The Wrightslaw From Emotions to Advocacy training is a one-day program for parents and guardians of children in the special education system. This program teaches parents to become advocates by explaining the IEP process and developing relationships with the IEP team and other professionals who work with the child. Educators may find it helpful to recommend this program to their students’ parents or guardians or attend with them.

International Conference on Autism, Intellectual Disability & Developmental Disabilities

The CEC’s Division on Autism & Developmental Disabilities (DADD) hosts the International Conference on Autism, Intellectual Disability & Developmental Disabilities. This annual conference has taken place in Florida, Hawaii, and other states.

Attendees can expect to liaise with notable special education experts who are well-versed in autism and developmental disabilities. The conference features an exhibit hall, over 300 interactive lectures and activities, and networking luncheons. Topics include current disability research, best practices for educators, and tips for improving educational outcomes for special education students.

This three-day conference gives plentiful information for educators who work with children on the autism spectrum. However, professionals who don’t work with these students as frequently may not get as much from this conference as they would from a more generalized special education conference, like the CEC Convention and Expo.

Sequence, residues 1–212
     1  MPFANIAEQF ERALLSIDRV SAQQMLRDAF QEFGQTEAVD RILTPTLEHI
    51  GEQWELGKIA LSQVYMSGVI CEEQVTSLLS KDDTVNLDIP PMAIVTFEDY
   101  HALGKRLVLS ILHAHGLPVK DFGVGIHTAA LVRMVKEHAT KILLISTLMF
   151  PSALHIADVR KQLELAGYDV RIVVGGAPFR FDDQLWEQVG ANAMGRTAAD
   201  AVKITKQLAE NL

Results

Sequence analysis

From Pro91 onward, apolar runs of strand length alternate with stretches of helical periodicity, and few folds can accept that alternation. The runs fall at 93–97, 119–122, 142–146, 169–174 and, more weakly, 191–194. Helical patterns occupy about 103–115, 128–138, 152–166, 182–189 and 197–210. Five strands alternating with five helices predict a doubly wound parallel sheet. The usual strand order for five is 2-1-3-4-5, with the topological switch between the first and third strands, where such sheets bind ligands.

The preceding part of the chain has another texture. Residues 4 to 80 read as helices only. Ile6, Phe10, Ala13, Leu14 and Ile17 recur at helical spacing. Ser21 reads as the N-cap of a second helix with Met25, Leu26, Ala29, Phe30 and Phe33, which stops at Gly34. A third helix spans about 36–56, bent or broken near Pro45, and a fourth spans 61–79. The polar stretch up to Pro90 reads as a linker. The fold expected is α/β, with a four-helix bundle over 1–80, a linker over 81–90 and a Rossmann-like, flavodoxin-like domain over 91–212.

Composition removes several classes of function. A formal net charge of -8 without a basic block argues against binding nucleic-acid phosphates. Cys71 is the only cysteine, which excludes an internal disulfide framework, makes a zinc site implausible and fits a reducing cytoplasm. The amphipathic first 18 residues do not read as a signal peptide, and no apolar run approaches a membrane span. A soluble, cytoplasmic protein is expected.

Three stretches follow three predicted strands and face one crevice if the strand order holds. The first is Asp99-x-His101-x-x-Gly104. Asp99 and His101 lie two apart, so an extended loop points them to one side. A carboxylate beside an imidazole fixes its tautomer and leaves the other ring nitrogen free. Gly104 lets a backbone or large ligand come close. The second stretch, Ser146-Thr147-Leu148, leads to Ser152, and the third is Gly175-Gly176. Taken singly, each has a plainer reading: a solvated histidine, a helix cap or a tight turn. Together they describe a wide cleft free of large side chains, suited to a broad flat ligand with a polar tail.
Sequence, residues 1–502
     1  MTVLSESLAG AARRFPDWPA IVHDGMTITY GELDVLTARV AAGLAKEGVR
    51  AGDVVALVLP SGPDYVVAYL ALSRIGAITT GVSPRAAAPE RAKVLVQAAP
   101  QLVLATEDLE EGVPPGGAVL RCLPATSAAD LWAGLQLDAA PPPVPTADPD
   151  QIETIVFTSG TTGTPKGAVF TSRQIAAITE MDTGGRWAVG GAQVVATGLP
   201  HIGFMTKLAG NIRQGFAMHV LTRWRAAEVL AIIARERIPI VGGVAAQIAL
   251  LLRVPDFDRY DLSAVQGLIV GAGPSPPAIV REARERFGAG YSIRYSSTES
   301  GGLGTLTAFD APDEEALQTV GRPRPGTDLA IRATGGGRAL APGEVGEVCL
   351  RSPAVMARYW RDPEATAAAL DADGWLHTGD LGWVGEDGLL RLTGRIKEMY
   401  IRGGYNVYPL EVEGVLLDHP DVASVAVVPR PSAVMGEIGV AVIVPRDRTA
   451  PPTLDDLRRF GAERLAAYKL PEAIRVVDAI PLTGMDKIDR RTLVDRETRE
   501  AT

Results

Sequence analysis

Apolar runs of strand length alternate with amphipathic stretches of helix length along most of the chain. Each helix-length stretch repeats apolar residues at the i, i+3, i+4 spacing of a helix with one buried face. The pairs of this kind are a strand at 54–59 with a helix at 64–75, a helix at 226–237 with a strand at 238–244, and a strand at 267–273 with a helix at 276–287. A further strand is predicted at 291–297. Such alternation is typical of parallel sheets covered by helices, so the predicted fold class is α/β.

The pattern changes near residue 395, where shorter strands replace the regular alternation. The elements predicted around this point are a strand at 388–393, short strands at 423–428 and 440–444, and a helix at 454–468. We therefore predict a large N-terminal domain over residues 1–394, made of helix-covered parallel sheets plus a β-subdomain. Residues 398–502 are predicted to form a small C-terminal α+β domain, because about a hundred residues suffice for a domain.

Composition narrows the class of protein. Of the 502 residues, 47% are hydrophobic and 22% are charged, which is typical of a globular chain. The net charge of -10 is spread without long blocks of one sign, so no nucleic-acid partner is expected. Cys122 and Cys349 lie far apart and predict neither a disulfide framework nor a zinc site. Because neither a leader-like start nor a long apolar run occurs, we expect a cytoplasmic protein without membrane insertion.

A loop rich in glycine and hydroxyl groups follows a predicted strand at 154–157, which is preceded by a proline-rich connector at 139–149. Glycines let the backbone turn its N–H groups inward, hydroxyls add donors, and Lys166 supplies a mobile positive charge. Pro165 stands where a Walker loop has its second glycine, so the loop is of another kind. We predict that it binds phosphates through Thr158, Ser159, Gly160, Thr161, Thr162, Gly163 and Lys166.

Registration fees range from $200-$350 for the conference, but attendees can save money by bundling pre-conference training and main conference fees together.

How Do I Decide Which Special Education Conference or Workshop Is the Best for Me?

When deciding which special education conferences and workshops to add to your schedule, here are a few points you might want to consider.

Special Education Topics

While some conferences include activities and seminars on more general special education topics, others have a narrower focus, like a specific disability or a specific teaching method. You likely have your reasons for wanting to attend a conference, so it’s essential that the conference’s goals and topics align with what you want to learn.

Before registering, look on the conference’s website to view an itinerary, if available. If you can’t find one, locate contact information for a representative to ask about the topics a conference will cover.

Location

Is the conference held entirely online? Will it be in-person at a venue near you, or will you need to travel a long distance to get there? These are important points to consider for three reasons:

  1. Time away from work. If long-distance travel is a must, you may need to take extra time off work for traveling in addition to the conference dates. 
  2. Costs associated with travel. Traveling to another state can add extra costs to your conference budget.
  3. Your learning style. Not everyone can absorb information when they attend conferences online. Some prefer face-to-face instruction and the more collaborative and connective experience that in-person meetings offer.

Professional Development and Networking Opportunities

The best conferences provide plenty of opportunities for learning and networking. Ensure that the conference you’re interested in attending has space in its itinerary for networking events in addition to seminars and workshops. 

Also, check that the seminars and workshops can really help you develop yourself as a special education teacher. Do they cover topics relevant to you? Are they hosted by experts that you can learn from? The conference content should make you confident that you can take back lots of helpful, actionable strategies to your classroom.